Tag Archives: investment adviser representative

Investment Adviser Representative Information Now Publicly Available on IAPD

IAPD Update Provides Information on IA Reps

The Investment Adviser Public Disclosure (IAPD) was updated this week so that information on investment adviser representatives will now be available online.  Previously the search function allowed members of the public to access information on IA firms only.  The previous information available through the adviser search function consisted of an advisory firm’s Form ADV, Form ADV Part II and Schedule F.  Now, the IAPD provides the following information on each representative of a registered investment advisory firm:

  • Current employer (including employer’s IARD number and adress)
  • Number of jurisdictions representative is registered in
  • Whether the representative is suspended in any jurisdictions
  • Registration and Employment History (including dates registered at previous firms)
  • Disclosure information (including any U-4 disclosures and current and past complaints)
  • Whether there is information on representative in BrokerCheck (run by FINRA)

Certain representatives will not show up in the system if the person is not currently registered with a state, has not been registered with a state in the last two years, or has not been the subject of a final regulatory event that has been reported to IARD.

It is important for representatives of investment advisory firms to understand that the above information will now be publicly available and may be accessed by investors during the due diligence process.   Accordingly, we recommend reps occasionally check their profile on the IAPD to make sure there is no incorrect information listed.


Other related hedge fund law articles:

Cole-Frieman & Mallon LLP provides comprehensive regulatory support and hedge fund registration services.  Bart Mallon, Esq. can be reached directly at 415-868-5345.

Investment Adviser Representative Registration Requirement

Employees of Registered IAs Must Generally be Registered

State-registered investment advisory firms need to make sure that their employees who are deemed to be “investment advisory representatives” are appropriately registered. This means that any employee (or owner) of the IA firm who provides investment advice or who has supervisory authority will generally need to be registered with the state as a representative of the firm. In order to register, the applicant will need to have certain qualifications and generally the series 65 will be sufficient for these purposes.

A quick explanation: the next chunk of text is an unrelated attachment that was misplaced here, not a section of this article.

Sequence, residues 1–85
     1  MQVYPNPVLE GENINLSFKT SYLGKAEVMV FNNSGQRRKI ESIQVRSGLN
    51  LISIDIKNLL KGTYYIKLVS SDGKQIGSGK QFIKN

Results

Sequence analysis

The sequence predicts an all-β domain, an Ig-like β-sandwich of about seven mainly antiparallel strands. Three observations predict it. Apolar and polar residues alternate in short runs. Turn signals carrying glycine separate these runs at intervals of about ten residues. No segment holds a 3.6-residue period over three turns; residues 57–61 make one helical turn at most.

There are consequences for not properly registering employees as investment advisor representatives. In an earlier article on whether IA firms can have silent owners, we discussed the fact that many state administrators have the power to censure or fine IA firms if they do not follow the registration rules. I recently stumbled across an example of a state taking such an action.

In the attached [intentionally removed], the Texas State Securities Board (“Board”) concluded that the “unregistered employee” of the registered investment advisory firm provided investment advice to IA clients for compensation and that the IA firm failed to maintain a supervisory system reasonably designed to ensure compliance with the Texas Securities Act and Board Rules. The Board reprimanded the IA firm and also ordered an administrative fine of $5,000. The firm was required to comply with the Act and Board Rules moving forward.

The two important take-aways from this order are:

  1. Always make sure employees are registered or clearly exempt from registration, and
  2. Always ensure that you have an up-to-date compliance program that helps to ensure that the firm will operate within all applicable laws and regulations.

We always recommend that registered IA firms discuss any registration and compliance related matters with an experienced investment management attorney with detailed knowledge of the laws of the state where the firm is registered.


Other related hedge fund law articles:

Bart Mallon, Esq. of Cole-Frieman & Mallon LLP runs Hedge Fund Law Blog.  Mr. Mallon’s legal practice is devoted to helping emerging and start up hedge fund managers successfully launch a hedge fund.  If you are a hedge fund manager who is looking to start a hedge fund or if you have questions about your investment advisor compliance program, please contact us or call Mr. Mallon directly at 415-868-5345.

Question: can my firm have a “silent owner”

Question: I am a manager registered as an investment adviser in [State]. Can I have a “silent owner” who solicits clients for the management company or the fund? Also, since the owner is only a “silent owner” who does not do any of the trading, will the “silent owner” need to be registered as an investment adviser representative and have to take the Series 65?